Quote from: Alexandro on April 10, 2008, 04:55:26 PMi read a review of this film talking about, like plainview himself, there will be blood "doesn't like to explain itself". i thought that was a stroke of genius, and everything you say in your essay (children with angels) rings true to me in that respect. it is a subjective film with a narrowed point of view, and the way it surrenders itself to it is masterful. as you, i find a lot of what GT says strangely lacking of arguments. i dont' know where the affirmation of the town's people feelings towards daniel come from, and i don't understand how the film presents daniel plainview only as an evil, godless individual. in my view is way more complex than that. I also wouldn't call Plainview semi disturbed. He´s more in the totally pretty disturbed realm.
Quote from: children with angels on April 08, 2008, 06:57:44 PMI don't think we are given enough context to know what Little Boston as a whole believes at all, and certainly not enough to align that belief (whatever it might be) with how the film views Daniel. The fact that the film gives no history or context for him is I think entirely appropriate to the fascinatingly narrow point of view the film establishes, as I argue in my piece.
Quote from: children with angels on April 08, 2008, 06:57:44 PMI don't think it's useful to see these characters as symbolic representations. We can say that they reflect a number of impulses associated with elements of their society (or ours), but to say that they wholly represent them is a gross simplification, and doesn't stand up to what we see in the film. Though the movie has certain allegorical overtones, I think the temptation to read the entire film and its characters as allegory should be resisted. Whatever political commentary the film might be making is secondary to its situations and its characters, both of which certainly have clear political dimensions (as everything does), but neither of which is clear-cut, or constitute a political 'statement'. Thus, I don't think that the accusation that the film is divided in this way stands up, since I don't think it is trying to be a 'character piece', nor a 'societal comment' picture. It contains elements of both (though its ability to be a traditional character study is again challenged by its point of view, as I argue), but its peculiar power comes partly from not being reducible to either.
Quote from: children with angels on April 08, 2008, 06:57:44 PMI don't see how you could argue that the final scene hangs on Eli's 'revelation'. To me it doesn't seem to be a revelation at all (if you're talking about his renunciation of his faith), and the ending certainly doesn't hang on it: he has been forced to say what he says, and he is shaken by it, but it's not a revelation. If there is a revelation, it is of Daniel, and of how truly psychopathic his character is/has become. Again, my piece argues for why we haven't been given the context necessary to understand Eli's actions in the last scene in the way you suggest (or, indeed, to truly understand Daniel's).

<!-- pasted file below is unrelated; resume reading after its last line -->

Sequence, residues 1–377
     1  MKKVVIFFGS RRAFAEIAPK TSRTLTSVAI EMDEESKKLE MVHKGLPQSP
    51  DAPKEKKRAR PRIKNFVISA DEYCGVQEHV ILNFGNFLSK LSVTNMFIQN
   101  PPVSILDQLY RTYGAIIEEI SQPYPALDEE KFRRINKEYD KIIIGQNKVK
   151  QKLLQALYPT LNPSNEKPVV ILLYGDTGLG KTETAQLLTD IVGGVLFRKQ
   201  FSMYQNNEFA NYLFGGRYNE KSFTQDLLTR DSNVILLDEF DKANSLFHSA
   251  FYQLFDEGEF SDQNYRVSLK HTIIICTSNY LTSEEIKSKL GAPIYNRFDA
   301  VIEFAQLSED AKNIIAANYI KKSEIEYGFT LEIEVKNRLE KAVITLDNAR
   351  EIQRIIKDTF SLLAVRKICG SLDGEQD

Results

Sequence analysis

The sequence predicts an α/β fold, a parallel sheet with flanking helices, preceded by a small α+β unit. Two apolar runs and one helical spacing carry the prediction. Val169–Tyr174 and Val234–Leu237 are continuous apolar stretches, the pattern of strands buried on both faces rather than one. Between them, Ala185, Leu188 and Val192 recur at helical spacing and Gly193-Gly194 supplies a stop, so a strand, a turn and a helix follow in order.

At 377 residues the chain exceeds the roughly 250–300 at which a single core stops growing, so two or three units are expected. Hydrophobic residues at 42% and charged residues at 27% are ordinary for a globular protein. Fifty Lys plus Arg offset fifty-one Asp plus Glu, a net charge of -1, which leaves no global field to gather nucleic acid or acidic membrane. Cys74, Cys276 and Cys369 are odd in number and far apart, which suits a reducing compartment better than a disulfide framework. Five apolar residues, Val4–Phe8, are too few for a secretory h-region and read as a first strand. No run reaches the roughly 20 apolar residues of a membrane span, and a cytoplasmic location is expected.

Quote from: children with angels on April 08, 2008, 06:57:44 PMI'm not sure why you're so concerned with the clash between the 'epic' and the 'realist platform' (I'm also unsure of what you mean by the latter). From the loose way you're using the word 'realism' I don't think it constitutes a specific mode that you can judge the film's success or failure against. I also, incidentally, don't know how you could possibly argue that a 'realist epic' mustn't be chronological – if anything, non-linear narrative points towards non-'realist' impulses.
Quote from: children with angels on April 08, 2008, 06:57:44 PMIt DOES escape easy categorization: that's one of the reasons why it's so fascinating. It uses conventions and codes from recognizable sources – classical Hollywood westerns, revisionist 70s historical epics, political 'message pictures' – but it isn't reducible to any of them, and finds a new and effective and powerful way of relating them. That to me is one of the hallmarks of a great film: using familiar contexts and modes and conventions intelligently, and also adding something new and powerful to them. This is something that the best classical Hollywood filmmakers did again and again with genre pictures, and – incidentally – something that great art has done since the beginning of time.